Photo by James Lumb
Looking over the work of a proofreader the other day, I saw that she had marked a place where the quotation marks for a quotation within a quotation were incorrect. Single quotation marks were needed for the inner quote, but double quotation marks appeared. This was my fault; I had run a global search-and-replace to change British punctuation (single quotation marks) to American (double), and I had forgotten about the quotes within quotes. In the original version, outer quotations were in single quotes, and inner quotations were in double quotes. Now, thanks to me, all were double.
I was aghast. There were a lot of them. And the MS was huge. And it was important. Okay—it was the Iliad. With a print run in the tens of thousands of copies. And I was the one who had insisted on changing the punctuation. (Why hadn’t I let well enough alone? Well, because we’re an American publisher. And Richmond Lattimore was an American, for pity’s sake. And this was our first update in sixty years. And I wanted to . . . contribute.)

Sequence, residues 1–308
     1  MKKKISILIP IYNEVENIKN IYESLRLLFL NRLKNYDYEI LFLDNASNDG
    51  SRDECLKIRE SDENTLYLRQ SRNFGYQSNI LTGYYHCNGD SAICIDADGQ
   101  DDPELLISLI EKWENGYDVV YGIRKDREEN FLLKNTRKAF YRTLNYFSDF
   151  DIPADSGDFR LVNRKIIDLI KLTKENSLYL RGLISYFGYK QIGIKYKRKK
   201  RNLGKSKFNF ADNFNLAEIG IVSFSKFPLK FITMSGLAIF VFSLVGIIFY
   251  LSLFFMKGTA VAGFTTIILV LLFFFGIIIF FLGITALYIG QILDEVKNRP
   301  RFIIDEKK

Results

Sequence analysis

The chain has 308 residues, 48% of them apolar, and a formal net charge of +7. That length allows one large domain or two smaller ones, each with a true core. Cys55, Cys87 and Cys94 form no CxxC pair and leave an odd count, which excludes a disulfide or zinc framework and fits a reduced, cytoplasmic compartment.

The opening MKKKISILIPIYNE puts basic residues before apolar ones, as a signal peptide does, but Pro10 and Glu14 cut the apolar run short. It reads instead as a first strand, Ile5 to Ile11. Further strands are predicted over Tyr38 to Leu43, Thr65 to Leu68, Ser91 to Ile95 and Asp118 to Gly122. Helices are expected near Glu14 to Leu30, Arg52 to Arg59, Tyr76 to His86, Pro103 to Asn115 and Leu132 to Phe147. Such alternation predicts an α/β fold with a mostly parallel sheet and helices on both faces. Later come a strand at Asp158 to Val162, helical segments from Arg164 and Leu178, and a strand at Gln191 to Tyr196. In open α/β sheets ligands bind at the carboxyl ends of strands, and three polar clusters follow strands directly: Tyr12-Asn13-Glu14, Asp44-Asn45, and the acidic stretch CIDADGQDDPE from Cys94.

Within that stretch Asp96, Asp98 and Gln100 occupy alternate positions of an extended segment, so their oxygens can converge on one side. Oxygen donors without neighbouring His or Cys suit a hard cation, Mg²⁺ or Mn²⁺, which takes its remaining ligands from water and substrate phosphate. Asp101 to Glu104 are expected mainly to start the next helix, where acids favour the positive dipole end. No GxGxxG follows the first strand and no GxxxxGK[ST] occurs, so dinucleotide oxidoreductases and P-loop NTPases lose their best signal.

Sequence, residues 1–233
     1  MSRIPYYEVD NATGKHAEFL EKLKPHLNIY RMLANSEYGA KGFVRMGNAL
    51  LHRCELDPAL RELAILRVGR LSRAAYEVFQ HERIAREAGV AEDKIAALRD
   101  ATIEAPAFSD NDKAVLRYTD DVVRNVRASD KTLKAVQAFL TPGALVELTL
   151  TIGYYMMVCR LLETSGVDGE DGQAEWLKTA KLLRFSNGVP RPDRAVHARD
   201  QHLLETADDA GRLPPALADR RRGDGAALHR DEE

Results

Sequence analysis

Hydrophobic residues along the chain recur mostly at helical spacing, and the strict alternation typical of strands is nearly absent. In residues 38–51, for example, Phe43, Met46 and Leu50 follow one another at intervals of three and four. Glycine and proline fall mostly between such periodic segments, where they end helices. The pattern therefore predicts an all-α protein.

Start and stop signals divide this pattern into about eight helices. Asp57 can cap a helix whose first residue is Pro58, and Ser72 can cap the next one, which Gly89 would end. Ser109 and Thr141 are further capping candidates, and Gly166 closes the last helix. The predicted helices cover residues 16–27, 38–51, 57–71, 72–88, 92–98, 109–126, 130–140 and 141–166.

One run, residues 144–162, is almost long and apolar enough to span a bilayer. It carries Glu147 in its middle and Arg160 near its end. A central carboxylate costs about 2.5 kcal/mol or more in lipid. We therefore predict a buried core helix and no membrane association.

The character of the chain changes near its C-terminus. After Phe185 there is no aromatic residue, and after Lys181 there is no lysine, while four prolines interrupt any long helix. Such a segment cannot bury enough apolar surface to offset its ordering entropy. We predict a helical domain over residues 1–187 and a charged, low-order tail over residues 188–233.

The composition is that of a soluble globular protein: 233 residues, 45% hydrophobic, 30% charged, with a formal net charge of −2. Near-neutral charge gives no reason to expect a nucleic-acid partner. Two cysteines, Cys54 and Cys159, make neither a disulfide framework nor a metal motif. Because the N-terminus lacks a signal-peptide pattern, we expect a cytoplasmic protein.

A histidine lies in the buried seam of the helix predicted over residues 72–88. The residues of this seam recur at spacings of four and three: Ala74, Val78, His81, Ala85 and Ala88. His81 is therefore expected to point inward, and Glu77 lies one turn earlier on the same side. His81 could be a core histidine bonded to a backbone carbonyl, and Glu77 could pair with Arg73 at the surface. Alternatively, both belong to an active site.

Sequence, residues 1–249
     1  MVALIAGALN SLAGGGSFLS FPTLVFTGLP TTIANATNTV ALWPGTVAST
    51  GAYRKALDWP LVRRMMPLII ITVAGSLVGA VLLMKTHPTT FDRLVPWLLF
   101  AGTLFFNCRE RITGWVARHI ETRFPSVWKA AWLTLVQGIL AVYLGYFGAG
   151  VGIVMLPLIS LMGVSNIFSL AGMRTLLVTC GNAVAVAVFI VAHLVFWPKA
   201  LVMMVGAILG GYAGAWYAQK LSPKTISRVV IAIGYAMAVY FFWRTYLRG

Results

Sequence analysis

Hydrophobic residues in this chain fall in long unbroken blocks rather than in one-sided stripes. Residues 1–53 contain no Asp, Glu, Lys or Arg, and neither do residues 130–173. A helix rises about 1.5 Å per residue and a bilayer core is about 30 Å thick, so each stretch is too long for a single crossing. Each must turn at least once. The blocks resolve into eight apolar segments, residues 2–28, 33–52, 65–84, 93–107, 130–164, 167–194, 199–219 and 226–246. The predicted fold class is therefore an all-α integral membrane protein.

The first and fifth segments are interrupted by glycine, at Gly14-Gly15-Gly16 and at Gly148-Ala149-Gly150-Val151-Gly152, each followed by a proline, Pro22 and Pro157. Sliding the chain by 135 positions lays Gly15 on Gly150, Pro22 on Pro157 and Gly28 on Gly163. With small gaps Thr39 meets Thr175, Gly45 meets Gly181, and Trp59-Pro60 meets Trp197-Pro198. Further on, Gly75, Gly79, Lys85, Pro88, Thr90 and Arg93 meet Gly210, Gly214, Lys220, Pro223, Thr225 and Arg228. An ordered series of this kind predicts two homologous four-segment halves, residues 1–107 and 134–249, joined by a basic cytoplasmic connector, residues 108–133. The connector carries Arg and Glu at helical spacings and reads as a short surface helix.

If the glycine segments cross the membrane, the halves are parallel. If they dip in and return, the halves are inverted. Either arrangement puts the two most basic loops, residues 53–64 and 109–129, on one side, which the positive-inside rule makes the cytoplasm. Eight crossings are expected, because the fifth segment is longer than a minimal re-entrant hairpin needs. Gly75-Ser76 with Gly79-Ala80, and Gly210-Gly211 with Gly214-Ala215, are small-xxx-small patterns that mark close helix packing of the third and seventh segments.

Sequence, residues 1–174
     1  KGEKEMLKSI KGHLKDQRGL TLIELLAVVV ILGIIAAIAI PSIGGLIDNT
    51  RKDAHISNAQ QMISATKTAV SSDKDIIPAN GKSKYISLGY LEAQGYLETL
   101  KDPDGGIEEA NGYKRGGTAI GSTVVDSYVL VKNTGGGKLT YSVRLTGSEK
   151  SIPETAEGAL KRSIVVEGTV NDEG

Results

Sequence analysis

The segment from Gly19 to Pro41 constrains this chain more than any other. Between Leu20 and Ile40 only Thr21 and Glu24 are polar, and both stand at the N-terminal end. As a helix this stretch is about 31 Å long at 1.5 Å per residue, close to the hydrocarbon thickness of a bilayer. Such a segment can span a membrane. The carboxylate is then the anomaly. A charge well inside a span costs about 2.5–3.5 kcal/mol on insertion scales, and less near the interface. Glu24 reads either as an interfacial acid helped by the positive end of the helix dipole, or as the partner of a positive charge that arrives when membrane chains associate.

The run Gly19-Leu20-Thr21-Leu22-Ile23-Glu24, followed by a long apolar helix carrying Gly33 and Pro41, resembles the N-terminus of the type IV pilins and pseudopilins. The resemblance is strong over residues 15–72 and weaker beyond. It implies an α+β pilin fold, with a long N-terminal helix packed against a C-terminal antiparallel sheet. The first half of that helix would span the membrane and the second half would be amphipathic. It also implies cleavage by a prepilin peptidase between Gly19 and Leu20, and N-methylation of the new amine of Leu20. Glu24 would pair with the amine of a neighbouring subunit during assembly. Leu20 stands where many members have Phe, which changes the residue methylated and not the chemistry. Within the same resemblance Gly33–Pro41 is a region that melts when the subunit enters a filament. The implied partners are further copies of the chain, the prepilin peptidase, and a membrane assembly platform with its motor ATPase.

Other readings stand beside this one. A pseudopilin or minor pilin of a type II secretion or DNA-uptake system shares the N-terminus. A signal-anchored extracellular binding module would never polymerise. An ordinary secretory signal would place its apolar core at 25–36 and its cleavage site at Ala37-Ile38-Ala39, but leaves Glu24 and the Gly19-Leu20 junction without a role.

The proofreader seemed to have done an excellent job, but what if she had missed some? Some of the outer quotations were pages long, and the inner ones could be lengthy as well—it would be easy to lose track of which was which. How the heck was I going to check this without reading the entire poem?
Assume that this is your problem. You have the MS Word document you sent to the typesetter (a single file). How would you locate the inner quotations?
I’ll tell you next week what I did. I’m not confident that it was the most efficient solution, but it took only a few minutes (not counting the hour I spent working on something else and thinking about it before I figured it out). Feel free to share your ideas below. I’m hoping we’ll all learn something.